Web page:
News from CRUSADE

Adam Dickens 2016 - Salt of the Earth, India - 247.jpg

CRUSADE’s Renovation of a WSHG building in Kaniambakkam, Minjur

CRUSADE formed their first Women’s Self Help Group (WSHG) in Kaniambakkam village in Minjur in 1992. Most of the women involved at the start of the WSHG are still actively involved today.  

In the initial years WSHG groups in Kaniambakkam village did not have a place to meet or to hold training.  With CRUSADE’s support, the WSHGs were granted land by local government. Together, the SHGs built a small building which the local government assisted by installing electricity and the flooring.

During Cyclone Vardah in December 2015, which affected Tamil Nadu, the roof of the building was blown off and the building remained disused. There are now 29 groups in the panchayat with 406 members. The WSHGs approached CRUSADE for the renovation of the building and offered to share the cost. 

CRUSADE, with funding from SOTE’s village sponsorship programme, renovated the building with a concrete roof which was completed in October 2017.

This was much appreciated by the community and the building will again be used for village and local government meetings and to run training workshops. 

Adam Dickens 2016 - Salt of the Earth, India - 153.jpg

Tree Planting and Vegetable Cultivation Work at CRUSADE

In 2017, 600 women have been involved in CRUSADE’s tree planting and vegetable cultivation work. 1620 tree saplings and 2150 packets of vegetable seeds have been distributed which were used by women in their homes. The programme also promoted herbal plants in homesteads and CRUSADE trained women members how to use herbal remedies for minor illnesses.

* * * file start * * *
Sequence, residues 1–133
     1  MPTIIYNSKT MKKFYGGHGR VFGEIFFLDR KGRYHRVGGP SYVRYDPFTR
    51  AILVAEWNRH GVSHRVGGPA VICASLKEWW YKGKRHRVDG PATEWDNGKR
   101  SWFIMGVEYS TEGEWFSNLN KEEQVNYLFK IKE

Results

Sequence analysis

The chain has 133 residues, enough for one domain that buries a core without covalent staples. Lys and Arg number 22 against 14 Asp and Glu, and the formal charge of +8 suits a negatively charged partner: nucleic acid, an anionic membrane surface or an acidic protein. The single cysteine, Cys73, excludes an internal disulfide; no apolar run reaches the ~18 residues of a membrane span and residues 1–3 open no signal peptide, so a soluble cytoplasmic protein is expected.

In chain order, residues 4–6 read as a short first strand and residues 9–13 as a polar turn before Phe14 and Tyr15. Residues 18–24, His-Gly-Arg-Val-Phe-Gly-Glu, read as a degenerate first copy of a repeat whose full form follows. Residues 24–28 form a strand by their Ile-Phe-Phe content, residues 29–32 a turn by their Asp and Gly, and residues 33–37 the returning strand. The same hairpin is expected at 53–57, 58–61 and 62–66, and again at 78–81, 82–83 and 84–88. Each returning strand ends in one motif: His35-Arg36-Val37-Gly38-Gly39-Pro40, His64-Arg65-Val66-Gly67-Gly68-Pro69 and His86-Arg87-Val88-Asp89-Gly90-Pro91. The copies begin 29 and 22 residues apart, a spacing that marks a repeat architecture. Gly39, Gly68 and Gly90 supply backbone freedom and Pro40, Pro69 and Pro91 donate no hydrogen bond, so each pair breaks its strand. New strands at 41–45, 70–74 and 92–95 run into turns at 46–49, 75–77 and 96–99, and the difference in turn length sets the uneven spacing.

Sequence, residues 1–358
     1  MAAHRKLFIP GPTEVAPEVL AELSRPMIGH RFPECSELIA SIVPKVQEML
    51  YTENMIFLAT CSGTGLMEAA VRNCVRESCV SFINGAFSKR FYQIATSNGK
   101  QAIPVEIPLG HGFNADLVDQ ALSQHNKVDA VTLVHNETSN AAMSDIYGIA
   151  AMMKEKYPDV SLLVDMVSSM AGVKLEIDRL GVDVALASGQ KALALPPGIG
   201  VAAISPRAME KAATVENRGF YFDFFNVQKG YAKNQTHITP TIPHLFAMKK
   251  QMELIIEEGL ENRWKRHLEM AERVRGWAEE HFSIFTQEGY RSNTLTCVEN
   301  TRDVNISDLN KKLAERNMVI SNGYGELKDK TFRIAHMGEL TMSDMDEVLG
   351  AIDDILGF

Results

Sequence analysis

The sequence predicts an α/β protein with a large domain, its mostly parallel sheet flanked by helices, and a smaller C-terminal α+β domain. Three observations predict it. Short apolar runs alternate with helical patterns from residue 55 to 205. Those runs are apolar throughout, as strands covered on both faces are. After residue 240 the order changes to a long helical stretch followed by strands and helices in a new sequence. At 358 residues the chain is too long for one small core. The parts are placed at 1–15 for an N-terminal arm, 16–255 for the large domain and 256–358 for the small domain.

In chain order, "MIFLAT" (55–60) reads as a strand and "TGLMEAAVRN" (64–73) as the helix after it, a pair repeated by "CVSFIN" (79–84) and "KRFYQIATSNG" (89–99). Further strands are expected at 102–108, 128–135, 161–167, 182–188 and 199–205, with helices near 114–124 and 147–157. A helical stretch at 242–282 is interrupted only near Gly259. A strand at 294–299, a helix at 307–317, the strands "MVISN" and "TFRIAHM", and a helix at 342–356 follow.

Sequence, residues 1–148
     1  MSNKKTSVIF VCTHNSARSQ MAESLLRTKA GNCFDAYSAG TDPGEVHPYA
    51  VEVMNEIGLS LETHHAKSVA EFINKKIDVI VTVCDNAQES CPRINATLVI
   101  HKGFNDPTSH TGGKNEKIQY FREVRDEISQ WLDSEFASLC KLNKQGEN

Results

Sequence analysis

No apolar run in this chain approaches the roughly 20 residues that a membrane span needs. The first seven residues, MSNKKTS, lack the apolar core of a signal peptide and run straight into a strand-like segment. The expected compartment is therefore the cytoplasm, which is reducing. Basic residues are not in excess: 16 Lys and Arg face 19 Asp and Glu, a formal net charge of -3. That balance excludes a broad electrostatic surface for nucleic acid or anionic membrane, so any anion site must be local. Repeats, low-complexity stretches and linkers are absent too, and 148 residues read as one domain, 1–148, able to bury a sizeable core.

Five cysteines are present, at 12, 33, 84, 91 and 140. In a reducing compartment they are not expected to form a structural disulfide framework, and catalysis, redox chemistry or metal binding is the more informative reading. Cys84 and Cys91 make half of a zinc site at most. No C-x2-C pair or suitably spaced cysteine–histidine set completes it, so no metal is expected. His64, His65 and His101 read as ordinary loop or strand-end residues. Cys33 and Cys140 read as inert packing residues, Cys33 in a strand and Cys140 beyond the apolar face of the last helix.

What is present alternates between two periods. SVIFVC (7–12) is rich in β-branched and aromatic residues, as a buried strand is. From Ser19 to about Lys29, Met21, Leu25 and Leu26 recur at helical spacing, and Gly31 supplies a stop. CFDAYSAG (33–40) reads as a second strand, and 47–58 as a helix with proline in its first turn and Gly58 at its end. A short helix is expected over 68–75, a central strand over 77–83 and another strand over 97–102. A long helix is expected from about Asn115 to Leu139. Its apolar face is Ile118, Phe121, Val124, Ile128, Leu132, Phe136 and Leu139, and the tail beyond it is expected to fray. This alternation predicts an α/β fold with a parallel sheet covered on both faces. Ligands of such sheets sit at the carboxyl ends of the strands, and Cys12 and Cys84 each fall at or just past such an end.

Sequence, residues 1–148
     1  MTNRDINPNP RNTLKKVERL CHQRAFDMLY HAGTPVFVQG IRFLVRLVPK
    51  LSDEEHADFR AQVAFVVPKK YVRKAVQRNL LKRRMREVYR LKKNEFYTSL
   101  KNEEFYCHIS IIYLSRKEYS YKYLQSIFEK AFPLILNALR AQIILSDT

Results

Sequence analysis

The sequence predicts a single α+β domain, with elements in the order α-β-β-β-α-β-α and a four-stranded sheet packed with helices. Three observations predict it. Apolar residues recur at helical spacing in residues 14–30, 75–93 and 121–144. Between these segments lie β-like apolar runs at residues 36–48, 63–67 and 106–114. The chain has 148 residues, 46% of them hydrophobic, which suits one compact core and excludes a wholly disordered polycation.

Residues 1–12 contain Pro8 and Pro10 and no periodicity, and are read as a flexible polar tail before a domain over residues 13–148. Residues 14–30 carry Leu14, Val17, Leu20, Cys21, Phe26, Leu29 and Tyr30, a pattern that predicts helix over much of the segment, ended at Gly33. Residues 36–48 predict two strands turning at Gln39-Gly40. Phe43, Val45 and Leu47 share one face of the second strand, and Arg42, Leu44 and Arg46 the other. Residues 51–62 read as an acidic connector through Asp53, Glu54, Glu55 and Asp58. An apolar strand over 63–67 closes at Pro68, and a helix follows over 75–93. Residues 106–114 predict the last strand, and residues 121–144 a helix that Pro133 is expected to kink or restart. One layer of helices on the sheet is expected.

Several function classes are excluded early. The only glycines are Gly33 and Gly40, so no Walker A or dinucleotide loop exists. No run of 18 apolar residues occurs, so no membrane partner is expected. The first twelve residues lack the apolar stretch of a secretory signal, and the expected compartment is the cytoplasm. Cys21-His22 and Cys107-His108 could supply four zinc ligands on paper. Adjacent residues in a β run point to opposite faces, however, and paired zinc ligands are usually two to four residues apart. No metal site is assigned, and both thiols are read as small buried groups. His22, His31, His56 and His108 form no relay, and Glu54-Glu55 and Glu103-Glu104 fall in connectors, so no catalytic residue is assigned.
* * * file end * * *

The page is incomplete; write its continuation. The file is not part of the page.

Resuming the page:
Ragini, who is 44 years old, is from Inam Agaram village in Sholavaram block. As a widow, she lives alone. She has a plot of land allocated to her by her family on the outskirts of the village.

Through SOTE’s tree sponsorship scheme, Ragini received 40 packets of vegetable seeds and two coconut saplings from CRUSADE. She planted the coconut seedlings in front of her house and also grew vegetables last season. The vegetables included bottle gourd, snake gourd, bitter gourd, and beans. In her first two months of harvest, after consuming some of the produce, she also earned Rs 500 by selling vegetables to friends.

She is expecting to earn Rs 1500 by the end of the season. As Ragini works in the Government Employment Guarantee scheme, unfortunately her income is irregular and not reliable, so she uses her newfound income for day to day expenses. Ragini is pleased to now be able to grow organic vegetables and have the opportunity to earn an extra income.

Tom Edwards